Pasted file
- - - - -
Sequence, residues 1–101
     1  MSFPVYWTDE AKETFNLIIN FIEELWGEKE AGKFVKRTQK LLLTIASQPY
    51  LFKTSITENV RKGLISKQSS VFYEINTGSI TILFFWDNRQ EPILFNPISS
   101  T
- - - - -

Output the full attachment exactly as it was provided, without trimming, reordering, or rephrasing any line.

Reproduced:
Sequence, residues 1–101
     1  MSFPVYWTDE AKETFNLIIN FIEELWGEKE AGKFVKRTQK LLLTIASQPY
    51  LFKTSITENV RKGLISKQSS VFYEINTGSI TILFFWDNRQ EPILFNPISS
   101  T